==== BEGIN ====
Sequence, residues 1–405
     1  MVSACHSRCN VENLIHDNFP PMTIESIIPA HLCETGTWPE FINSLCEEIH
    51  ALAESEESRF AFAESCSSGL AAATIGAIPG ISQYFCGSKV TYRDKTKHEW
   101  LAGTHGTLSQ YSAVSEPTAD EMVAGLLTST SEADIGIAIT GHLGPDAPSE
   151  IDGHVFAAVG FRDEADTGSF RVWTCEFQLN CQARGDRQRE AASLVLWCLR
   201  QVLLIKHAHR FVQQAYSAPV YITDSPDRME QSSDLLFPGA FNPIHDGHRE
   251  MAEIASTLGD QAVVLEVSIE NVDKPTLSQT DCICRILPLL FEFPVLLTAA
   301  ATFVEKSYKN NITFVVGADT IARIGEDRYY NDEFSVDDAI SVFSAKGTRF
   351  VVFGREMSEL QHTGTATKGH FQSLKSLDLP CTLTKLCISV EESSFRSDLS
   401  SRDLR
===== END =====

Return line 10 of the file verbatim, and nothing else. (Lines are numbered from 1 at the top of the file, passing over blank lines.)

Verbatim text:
   401  SRDLR